China’s gaming industry regulator has created a special website that encourages the public to report companies for any violation of state regulations designed to protect kids from video gaming addiction.
The website, officially named “reporting platform for gaming companies implementation of anti-addition regulations”, was created by the National Press and Publication Administration (NAPP) and is currently in “trial operations”.
Anyone with a Chinese ID and a mobile phone number can report gaming company irregularities to the regulator through the website. Reported irregularities are grouped into three types; whether an online game has fully implemented real name registration requirements; whether an online game has implemented time limits of only three play hours to gamers under 18 each week; and whether an online game has stopped teenagers from spending too much money on it.
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The website appears designed to support last month’s new regulations from Beijing, which limit gaming time for players aged under 18 to between 8pm and 9pm on Fridays, Saturdays, Sundays and public holidays. The rules also cap online game spend to 200 yuan a month for those aged between 8 and 16 years’ old and 400 yuan per month for those aged between 16 and 18.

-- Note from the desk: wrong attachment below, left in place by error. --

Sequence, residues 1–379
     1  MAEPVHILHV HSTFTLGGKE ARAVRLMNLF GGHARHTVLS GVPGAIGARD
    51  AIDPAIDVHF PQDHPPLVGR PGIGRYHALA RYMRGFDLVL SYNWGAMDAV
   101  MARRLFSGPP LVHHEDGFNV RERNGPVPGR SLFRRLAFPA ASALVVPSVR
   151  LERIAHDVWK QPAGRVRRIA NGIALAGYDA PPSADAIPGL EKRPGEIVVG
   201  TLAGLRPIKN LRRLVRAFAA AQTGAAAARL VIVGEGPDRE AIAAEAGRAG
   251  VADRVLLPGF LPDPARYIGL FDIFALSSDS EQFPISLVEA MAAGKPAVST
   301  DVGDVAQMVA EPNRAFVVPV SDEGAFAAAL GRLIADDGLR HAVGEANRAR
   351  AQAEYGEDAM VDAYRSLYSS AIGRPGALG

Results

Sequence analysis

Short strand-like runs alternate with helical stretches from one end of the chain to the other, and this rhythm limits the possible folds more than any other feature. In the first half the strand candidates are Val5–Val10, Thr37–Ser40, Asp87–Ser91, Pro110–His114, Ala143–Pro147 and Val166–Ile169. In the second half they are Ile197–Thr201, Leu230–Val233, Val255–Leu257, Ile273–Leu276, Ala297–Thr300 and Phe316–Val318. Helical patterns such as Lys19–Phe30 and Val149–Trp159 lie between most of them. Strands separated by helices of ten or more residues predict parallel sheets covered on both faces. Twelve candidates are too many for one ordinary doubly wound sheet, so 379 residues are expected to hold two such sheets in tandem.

The rules, some of the strictest in the world and aimed at preventing gaming addiction among minors, are part of a broad effort by the Chinese authorities to align people’s online activities with the state’s future needs. President Xi Jinping said at a meeting in Beijing in March that teenage addiction to video gaming was a social problem that must be addressed.
The Chinese Communist Party’s propaganda department, along with NAPP and other regulators, last week summoned the country’s gaming firms, including Tencent Holdings and NetEase, to discuss how they will implement Beijing’s new restrictions on video gaming for minors.
In addition, video gaming companies have been directed to clean up content by removing what authorities described as the “wrong set of values”, including “worshipping money” and “gay love”. They were also reminded not to focus purely on profit and ensure that young people are protected from gaming addiction.
On Tuesday, more than 20 video games companies based in Shanghai, China’s video gaming hub, were summoned to a meeting with city authorities, urging them to toe the state line. The South China Morning Post reported last week that regulators have slowed their approval of new online games. NAPP has not published its list of approved titles for August, breaking its routine of announcing newly licensed games either in the middle or at the end of each month since May 2019.
China has other websites aimed at encouraging public vigilance when it comes to regulations.
Internet watchdog the Cyberspace Administration of China, for example, has a website that accepts reports of “illegal and bad information” in cyberspace, while China’s Ministry of Public Security has a website for people to report internet crime.